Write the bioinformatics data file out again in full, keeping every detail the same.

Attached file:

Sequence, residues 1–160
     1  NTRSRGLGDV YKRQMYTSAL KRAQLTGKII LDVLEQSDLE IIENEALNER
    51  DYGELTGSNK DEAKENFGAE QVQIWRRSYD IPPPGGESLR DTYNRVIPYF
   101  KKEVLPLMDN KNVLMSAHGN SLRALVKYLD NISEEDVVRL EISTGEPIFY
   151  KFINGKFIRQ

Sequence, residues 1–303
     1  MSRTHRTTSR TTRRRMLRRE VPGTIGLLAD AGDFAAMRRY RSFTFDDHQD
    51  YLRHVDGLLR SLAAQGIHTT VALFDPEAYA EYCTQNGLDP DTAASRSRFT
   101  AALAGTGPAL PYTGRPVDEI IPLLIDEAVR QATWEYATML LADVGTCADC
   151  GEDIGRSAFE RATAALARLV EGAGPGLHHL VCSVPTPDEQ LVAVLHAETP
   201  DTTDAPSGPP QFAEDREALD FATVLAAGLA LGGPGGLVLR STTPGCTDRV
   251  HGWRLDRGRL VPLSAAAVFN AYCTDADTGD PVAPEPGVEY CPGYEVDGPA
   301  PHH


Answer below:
Sequence, residues 1–160
     1  NTRSRGLGDV YKRQMYTSAL KRAQLTGKII LDVLEQSDLE IIENEALNER
    51  DYGELTGSNK DEAKENFGAE QVQIWRRSYD IPPPGGESLR DTYNRVIPYF
   101  KKEVLPLMDN KNVLMSAHGN SLRALVKYLD NISEEDVVRL EISTGEPIFY
   151  KFINGKFIRQ

Sequence, residues 1–303
     1  MSRTHRTTSR TTRRRMLRRE VPGTIGLLAD AGDFAAMRRY RSFTFDDHQD
    51  YLRHVDGLLR SLAAQGIHTT VALFDPEAYA EYCTQNGLDP DTAASRSRFT
   101  AALAGTGPAL PYTGRPVDEI IPLLIDEAVR QATWEYATML LADVGTCADC
   151  GEDIGRSAFE RATAALARLV EGAGPGLHHL VCSVPTPDEQ LVAVLHAETP
   201  DTTDAPSGPP QFAEDREALD FATVLAAGLA LGGPGGLVLR STTPGCTDRV
   251  HGWRLDRGRL VPLSAAAVFN AYCTDADTGD PVAPEPGVEY CPGYEVDGPA
   301  PHH